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Why Postpartum Depression Made Me Feel ‘Not Good Enough’

In my house right now there is constant, non-stop hugging, kissing, nose-wiping and just plain needing that should remind me I am valued. But somehow, at the end of the day, I just feel unlovable, unneeded, unwanted and just not “good enough.”

It started about five months into my first pregnancy. Days of sadness, anger and hopelessness started to sprinkle into my life. I felt alone and unable to communicate why. These feelings were not new, but their depth was scary.

I was having a baby. My bills were paid. My husband was at home. My job was challenging and rewarding. What was I missing? Why did I feel like I was failing?

They would just be better off without me.

Maybe getting pregnant was a mistake. I am not deserving of this kind of life.

I cannot not handle it, obviously. I am already falling apart and the baby isn’t even here yet.

There is no way my husband will to stick around if I can’t pull it together. Everyone can see I am failing.

The sleep deprivation and chaos a new baby brings only made things worse. I was so afraid to do anything on my own. Luckily for me, my husband stayed home with the baby until he was a year old. I could go to work and take, what was for me, the “easy” way out. I could leave the house and hide at the office.

At night, while everyone else was snoring, I would lie in bed and think about “the big sleep.” Hot tears would come as I imagined how it would feel to just turn everything off and make it all stop. These thoughts of solace in the silence would follow me into my dreams.

I don’t think I am unique in that as a new mother; I was just learning the truth about this job. There is no way to catch up and no way to win. I will never feel like I give enough. I will never feel like I can be enough. I will never feel like I have done anything right.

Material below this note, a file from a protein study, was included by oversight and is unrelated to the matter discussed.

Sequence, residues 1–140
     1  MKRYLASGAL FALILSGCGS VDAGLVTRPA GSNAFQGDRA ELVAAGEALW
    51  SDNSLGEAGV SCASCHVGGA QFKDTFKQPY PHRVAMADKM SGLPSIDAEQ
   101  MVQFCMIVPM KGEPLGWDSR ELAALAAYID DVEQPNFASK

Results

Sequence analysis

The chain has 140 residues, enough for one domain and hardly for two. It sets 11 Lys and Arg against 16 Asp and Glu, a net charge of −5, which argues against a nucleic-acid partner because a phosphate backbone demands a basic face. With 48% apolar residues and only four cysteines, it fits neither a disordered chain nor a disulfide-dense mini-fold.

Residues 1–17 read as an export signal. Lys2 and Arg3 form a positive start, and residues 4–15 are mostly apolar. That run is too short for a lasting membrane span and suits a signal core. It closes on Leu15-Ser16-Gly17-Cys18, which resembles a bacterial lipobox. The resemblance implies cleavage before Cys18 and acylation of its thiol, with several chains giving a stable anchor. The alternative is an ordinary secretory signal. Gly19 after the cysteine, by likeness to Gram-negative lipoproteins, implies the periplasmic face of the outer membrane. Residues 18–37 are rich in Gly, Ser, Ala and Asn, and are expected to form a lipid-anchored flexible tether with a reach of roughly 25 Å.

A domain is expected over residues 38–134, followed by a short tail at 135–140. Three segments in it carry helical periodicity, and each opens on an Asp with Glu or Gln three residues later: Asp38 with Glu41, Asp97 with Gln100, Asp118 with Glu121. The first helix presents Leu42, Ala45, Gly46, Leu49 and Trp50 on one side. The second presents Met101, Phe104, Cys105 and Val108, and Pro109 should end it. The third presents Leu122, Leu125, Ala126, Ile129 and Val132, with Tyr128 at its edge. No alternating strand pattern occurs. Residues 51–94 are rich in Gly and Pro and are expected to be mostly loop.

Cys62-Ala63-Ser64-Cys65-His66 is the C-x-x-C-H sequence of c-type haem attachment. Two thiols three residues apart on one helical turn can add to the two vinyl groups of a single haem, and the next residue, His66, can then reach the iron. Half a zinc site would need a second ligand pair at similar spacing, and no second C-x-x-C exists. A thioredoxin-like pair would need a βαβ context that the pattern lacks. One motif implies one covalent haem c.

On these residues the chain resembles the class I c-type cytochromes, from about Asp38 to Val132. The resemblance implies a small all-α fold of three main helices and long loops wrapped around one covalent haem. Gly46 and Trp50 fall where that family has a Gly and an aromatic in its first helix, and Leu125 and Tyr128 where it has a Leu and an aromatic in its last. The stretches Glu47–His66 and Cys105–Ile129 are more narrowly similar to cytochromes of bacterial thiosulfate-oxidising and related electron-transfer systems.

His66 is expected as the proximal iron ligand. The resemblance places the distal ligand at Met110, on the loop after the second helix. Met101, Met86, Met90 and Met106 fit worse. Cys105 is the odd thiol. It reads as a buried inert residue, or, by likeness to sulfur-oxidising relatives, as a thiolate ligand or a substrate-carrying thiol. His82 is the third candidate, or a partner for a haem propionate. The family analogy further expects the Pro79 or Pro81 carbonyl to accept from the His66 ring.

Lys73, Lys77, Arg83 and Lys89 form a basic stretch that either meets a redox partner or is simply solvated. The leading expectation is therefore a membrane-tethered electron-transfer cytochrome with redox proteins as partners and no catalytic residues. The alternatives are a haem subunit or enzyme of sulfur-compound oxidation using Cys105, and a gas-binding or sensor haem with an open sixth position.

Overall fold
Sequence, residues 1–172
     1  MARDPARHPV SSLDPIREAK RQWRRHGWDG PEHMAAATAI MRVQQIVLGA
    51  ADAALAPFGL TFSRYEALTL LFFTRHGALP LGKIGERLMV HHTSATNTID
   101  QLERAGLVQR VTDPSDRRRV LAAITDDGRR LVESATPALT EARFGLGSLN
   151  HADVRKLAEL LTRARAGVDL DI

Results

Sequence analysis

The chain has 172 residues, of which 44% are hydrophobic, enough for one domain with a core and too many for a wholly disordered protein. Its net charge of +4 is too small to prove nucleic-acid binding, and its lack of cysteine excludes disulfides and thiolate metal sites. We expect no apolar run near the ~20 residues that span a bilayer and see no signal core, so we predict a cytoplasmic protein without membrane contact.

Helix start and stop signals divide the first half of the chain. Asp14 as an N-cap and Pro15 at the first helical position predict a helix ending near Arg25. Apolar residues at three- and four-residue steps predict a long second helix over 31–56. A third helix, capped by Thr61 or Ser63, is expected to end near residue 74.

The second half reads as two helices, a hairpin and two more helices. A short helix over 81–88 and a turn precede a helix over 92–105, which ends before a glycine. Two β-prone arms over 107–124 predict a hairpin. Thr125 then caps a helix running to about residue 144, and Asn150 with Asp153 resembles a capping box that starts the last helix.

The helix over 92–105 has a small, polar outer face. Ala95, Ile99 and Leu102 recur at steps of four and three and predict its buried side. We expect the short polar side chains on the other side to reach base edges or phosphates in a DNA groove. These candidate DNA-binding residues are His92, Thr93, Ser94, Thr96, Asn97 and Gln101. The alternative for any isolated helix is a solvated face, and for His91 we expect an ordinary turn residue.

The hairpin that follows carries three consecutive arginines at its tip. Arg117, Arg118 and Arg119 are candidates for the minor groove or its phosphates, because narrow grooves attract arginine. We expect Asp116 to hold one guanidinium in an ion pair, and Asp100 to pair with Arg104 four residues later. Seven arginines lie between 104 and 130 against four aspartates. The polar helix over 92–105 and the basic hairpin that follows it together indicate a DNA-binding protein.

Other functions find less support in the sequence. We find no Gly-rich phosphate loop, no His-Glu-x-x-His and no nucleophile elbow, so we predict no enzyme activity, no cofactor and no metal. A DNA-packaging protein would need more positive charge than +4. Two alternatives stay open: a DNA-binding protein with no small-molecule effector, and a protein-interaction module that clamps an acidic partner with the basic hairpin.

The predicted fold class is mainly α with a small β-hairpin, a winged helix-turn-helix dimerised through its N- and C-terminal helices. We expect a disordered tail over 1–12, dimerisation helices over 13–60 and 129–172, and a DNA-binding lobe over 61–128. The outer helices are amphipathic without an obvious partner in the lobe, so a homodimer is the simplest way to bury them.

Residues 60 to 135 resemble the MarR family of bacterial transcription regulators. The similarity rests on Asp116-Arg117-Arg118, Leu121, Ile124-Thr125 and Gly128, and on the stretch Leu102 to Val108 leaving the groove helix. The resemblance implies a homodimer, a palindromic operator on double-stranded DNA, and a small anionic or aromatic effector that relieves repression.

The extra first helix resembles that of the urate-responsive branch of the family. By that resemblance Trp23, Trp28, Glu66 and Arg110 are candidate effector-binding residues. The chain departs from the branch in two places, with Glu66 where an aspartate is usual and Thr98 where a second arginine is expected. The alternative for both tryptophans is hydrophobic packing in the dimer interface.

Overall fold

But things did get better. About eight months after the baby was born, the days started getting a little brighter. I felt more confident in my ability to be a mom. I was starting to find my footing and balance things a little better. He could communicate with me, and it wasn’t always a guessing game I kept losing.

By the time he was 18 months old, I was nearly back to normal. Not that every day was a cakewalk, but I did quit dreaming about dying.

When I was pregnant with our second child, the sadness came sooner. I had miscarried just months before and, while my body had healed, my mind and heart had not. Then, at about 20 weeks in, we found out baby number two was sick and I would have to rest. All of the hormones, isolation, no exercise and unlimited access to Google everything in my head did not help.

The cloud also took a little longer to dissipate this time, too. Turns out, my daughter was very sick and we had to live in the hospital for months with little sleep and a lot of stress. I missed my toddler at home. I got really good at turning myself off and turning on my “everything-is-fine” look when I walked through the doors of the hospital.

Eventually my daughter started getting better, and I did too. We got to go home and we developed a routine. I no longer dreamed about the quiet that could come.

I am six months pregnant with baby number three now. There is too much to do, and not enough time to spend with my kids. If I can’t do it now, how will I ever get it all done when baby three gets here? In my dreams, I am in a free-fall.

My oldest and I got into an argument this morning over a toy. He wanted to take it with us, but couldn’t find it. I didn’t have time to look for it because we were running late. I told my husband that I felt bad about it and he told me my fuse has been short for the past few weeks. I feel awful that he and my son see it that way.

It is hard work, what moms do. It is hard to feel this way and not be able to communicate clearly. It is hard to feel like no one understands and even if we make it obvious, no one would stop to notice.

I am writing this down now, while I am in this moment, because it is important and one day I will forget how all of this feels. I will still be exhausted, but the hormones will be gone and I will forget what I am feeling. Dreams about death will seem so foreign and I won’t remember why it all got to this point.

I’ve been around this block enough times to know that it will get better. My idea of not “good enough” is actually plenty. Soon I will start to see that my “enough” is actually exactly what everyone needs.

Follow this journey on Typically Not Typical.

This story originally appeared on Medium.

Getty image via cindygoff.